Suiting Up for Toxicity

Updated: Mar 6

Doctor Jim was a doctor near my house, in a pretty long-running but small family practice. I took my 2 year old daughter in to see him at the little brick building quite often over a period of about year for what seemed to be continuous strep or ear infections. On one of those visits I was also sick, but uninsured, so I was only there for the kiddo. Jim asked about my treatment and insisted on treating me for free once I explained the circumstances. I left with meds for myself and my daughter in sample form and didn't pay a cent for the visit. This act endeared him to my heart and firmly placed him in the "kind people" category of my brain. Dr. Jim was good people.


Over the course of our visits, he got to know me and gained an understanding of my situation. I was bouncing back and forth between an abusive relationship and an abusive home with my only available parent. (See The Story of Eight Women

to hear of my adventure on a walk between the two). On one of those visits he offered some advice that has stuck with me for 22 years now. "Toxic people are no less toxic based on how closely related you are to them". Being the naïve 19 year old I was then, I needed some additional explaining on toxicity in people, as this was a concept I hadn't heard of.

Our Discussion resonated in my brain and I started to recognize the abusive behaviors in the people around me more and more. This broadened my personal philosophy on toxic people after much contemplation.


Toxic. What a word to describe a person, huh? To be clear, when I say toxic person, what I actually mean is that a person can be toxic to another person. Dangerous, destructive, deadly, poisonous. I was contemplating this theory from the perspective of a young woman who survived sexual exploitation at the hands of her mother; and was at the time in an abusive relationship that often included being locked in my home behind key-locked iron bars. So an insider perspective is probably an understatement. What I used to formulate my thoughts on toxicity was my bee allergy. I was deathly allergic and had thrice been rushed to the ER, unable to breathe in anaphylaxis.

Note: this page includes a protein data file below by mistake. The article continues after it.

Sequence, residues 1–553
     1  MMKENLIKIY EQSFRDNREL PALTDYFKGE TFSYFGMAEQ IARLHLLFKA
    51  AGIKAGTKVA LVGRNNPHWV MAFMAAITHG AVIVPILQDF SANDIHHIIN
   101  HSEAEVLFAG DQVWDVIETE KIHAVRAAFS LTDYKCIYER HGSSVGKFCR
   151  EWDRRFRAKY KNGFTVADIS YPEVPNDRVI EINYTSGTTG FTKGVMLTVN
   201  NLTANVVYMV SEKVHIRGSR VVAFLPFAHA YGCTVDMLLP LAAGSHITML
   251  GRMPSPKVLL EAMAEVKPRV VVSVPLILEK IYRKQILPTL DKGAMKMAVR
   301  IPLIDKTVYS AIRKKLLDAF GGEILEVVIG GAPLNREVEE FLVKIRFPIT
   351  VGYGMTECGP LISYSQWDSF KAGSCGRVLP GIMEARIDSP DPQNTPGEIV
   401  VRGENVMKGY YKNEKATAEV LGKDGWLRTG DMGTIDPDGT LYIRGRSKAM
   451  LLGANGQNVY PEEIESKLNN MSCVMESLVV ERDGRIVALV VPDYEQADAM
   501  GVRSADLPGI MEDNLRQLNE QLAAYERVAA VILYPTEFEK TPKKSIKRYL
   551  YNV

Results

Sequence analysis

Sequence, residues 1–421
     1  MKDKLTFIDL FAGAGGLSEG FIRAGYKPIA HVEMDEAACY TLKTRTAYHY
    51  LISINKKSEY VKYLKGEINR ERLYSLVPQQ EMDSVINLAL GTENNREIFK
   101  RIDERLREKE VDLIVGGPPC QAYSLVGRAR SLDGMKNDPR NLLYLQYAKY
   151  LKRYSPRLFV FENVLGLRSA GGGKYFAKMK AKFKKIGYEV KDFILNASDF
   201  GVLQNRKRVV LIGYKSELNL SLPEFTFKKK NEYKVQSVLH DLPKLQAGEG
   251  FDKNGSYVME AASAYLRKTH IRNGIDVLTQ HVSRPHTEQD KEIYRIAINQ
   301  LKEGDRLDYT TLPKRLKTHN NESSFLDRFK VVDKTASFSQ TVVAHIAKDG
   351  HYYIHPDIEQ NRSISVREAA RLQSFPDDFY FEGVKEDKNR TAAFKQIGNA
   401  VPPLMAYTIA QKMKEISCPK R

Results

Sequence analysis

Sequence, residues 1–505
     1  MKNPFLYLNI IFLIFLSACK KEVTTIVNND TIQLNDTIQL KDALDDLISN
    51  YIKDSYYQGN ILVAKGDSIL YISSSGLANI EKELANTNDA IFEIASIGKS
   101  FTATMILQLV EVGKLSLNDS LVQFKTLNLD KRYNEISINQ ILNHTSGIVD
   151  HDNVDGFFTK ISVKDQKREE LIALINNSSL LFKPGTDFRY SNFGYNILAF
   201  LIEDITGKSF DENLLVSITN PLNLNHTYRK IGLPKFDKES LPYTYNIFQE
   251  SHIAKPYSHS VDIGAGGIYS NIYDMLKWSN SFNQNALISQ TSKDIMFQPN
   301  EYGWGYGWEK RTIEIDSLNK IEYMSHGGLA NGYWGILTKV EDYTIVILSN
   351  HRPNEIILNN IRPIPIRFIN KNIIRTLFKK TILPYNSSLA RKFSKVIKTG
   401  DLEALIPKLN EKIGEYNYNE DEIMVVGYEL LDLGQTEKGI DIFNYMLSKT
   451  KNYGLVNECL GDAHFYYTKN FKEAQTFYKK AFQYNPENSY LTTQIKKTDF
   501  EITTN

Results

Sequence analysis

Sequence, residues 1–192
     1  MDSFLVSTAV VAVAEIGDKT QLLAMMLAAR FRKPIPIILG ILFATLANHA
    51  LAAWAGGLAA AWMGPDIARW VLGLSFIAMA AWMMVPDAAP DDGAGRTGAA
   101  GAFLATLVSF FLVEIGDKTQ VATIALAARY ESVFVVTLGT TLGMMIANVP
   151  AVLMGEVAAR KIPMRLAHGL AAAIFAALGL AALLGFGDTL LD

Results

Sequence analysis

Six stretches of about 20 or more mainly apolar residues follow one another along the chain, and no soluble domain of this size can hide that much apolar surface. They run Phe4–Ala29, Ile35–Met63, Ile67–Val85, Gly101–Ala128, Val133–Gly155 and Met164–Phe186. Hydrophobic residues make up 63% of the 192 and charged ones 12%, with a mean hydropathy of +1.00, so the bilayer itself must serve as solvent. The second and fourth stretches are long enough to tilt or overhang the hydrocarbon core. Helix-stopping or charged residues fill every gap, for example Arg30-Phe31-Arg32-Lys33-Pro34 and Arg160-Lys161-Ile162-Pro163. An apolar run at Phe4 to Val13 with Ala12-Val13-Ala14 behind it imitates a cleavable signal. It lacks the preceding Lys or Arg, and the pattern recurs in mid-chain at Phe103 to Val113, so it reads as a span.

But I really love bees.


I really loved my mom, too. I went to great lengths and expended endless energy to protect myself and my child, to recover from the continued "exposure", all to maintain a relationship that society told me I was obligated to continue. By this logic, I should be suiting up in beekeeper gear, living in a beehive, and hoping we survive. That is just absurd. Unless it is your job, when something or someone is deadly toxic to you, you don't look for ways to mitigate the danger and continue exposing yourself to the toxin, you avoid it at all cost!

It's really difficult to accept that someone you love is toxic to you, but it is profoundly

liberating to eventually grow away, into the natural shape of your Self without the constant, toxic doses of pain. The development of this theory helped me leave my abusive partner one day when the gate was left unlocked briefly. I grabbed the items I had packed waiting for just that opportunity, my daughter and we spent the next month in a domestic violence shelter.


I never went back.


I haven't had any contact with my mother in almost 18 years, and I still sometimes find myself discovering little forgotten, poisonous seeds she planted long ago, for me to uproot in my psyche.


I like to think of it as fertile ground for very colorful flowers.





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